imageTara: one of the forms of Kali, very similar in attributes: dwarfish, naked, four-armed with weapons, dancing on dead Shiva, necklace of skulls or severed heads, togue dripping blood, skin a deep blue-grey the precise color of monsoon clouds. Every day more rain—mud slides blocking roads. My Border Area permit expires. Mr. Biswas & I descend the slick wet Himalayas by jeep & train down to his ancestral city, Siliguri in the flat Bengali plains where the Ganges into a sodden viridescent delta.

We visit his wife in the hospital. Last year a flood drowned Siliguri killing tens of thousands. Cholera broke out, the city’s a wreck, algae-stained & ruined, the hospital’s halls still caked with slime, blood, vomit, the liquids of death. She sits silent on her bed glaring unblinking at hideous fates. Dark side of the goddess. He gives me a colored lithograph of Tara which miraculously floated above the water & was saved.

That night we attend some ceremony at the local Kali-temple, a modest half ruined little roadside shrine—torchlight the only illumination—chanting & drums with strange, almost African syncopation, totally unclassical, primordial & yet insanely complex. We drink, we smoke.

Alone in the cemetery, next to a half-burnt corpse, I’m initiated into Tara Tantra. Next day, feverish & spaced out, I say farewell & set out for Assam, to the great temple of Shakti’s yoni in Gauhati, just in time for the annual festival. Assam is forbidden territory & I have no permit. Midnight in Gauhati I sneak off the train, back down the tracks thru rain & mud up to my knees & total darkness, blunder at last into the city & find a bug-ridden hotel. Sick as a dog by this time. No sleep.’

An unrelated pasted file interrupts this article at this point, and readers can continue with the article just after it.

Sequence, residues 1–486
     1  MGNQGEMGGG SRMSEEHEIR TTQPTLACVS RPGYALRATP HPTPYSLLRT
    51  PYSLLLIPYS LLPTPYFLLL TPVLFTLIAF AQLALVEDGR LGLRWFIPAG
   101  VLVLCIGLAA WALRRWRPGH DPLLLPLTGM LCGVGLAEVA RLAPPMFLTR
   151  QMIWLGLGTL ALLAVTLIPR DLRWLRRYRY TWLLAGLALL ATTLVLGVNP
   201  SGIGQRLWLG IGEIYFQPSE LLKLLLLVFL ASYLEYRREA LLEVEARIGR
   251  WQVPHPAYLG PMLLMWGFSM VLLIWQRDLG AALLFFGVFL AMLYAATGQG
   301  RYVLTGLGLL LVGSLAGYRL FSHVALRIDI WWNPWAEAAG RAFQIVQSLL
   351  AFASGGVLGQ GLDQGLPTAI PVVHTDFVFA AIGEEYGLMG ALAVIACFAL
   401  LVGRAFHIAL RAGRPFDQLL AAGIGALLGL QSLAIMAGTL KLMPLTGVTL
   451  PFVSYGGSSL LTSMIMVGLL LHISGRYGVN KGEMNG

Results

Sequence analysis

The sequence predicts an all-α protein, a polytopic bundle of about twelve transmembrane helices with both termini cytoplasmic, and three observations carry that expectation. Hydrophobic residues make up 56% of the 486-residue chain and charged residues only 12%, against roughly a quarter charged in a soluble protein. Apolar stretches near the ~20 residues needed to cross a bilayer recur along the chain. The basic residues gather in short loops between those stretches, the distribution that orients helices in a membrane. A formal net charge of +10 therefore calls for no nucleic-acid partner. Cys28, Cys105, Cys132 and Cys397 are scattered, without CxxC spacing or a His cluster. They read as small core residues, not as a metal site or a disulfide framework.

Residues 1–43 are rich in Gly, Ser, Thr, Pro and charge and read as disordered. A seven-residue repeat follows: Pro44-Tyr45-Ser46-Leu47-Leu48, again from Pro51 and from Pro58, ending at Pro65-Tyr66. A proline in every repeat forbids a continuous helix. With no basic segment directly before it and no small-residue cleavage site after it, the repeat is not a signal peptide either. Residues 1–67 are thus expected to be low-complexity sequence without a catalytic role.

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In the morning, bus up to the temple on a nearby mountain. Huge towers, pullulating deities, courtyards, outbuildings—hundreds of thousands of pilgrims—weird saddhus down from their ice caves squatting on tiger skins & chanting. Sheep & doves are being slaughtered by the thousands, a real hecatomb—(not another white sahib in sight)—gutters running inch-deep in blood—curve-bladed Kali-swords chop chop chop, dead heads plocking onto slippery cobblestones.